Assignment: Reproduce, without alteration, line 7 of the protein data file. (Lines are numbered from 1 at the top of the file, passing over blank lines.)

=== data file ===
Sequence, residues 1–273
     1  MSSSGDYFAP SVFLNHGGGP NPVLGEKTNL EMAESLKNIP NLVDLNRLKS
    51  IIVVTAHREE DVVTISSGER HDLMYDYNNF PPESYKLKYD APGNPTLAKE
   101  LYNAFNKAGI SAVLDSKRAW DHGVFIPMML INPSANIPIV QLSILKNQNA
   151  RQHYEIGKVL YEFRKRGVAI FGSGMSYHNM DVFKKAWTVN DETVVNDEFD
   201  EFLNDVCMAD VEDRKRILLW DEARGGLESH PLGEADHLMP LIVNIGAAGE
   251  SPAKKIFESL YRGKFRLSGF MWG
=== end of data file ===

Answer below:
   251  SPAKKIFESL YRGKFRLSGF MWG